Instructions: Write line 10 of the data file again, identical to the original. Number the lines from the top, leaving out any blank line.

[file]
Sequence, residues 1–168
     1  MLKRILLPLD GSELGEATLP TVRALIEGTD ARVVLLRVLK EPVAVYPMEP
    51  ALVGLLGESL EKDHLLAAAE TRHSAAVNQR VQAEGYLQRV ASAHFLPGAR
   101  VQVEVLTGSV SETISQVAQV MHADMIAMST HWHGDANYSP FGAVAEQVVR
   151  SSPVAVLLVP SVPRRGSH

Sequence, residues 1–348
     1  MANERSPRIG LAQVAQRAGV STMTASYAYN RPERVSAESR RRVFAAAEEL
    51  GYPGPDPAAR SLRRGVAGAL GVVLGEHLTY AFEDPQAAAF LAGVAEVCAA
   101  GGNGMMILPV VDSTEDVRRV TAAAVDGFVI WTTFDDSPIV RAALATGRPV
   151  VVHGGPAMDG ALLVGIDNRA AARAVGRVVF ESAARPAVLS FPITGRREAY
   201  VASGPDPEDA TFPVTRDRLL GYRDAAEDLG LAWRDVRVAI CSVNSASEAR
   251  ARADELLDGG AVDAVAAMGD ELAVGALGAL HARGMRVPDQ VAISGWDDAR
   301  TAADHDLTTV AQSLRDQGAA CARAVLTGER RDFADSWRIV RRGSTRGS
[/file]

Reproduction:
   151  VVHGGPAMDG ALLVGIDNRA AARAVGRVVF ESAARPAVLS FPITGRREAY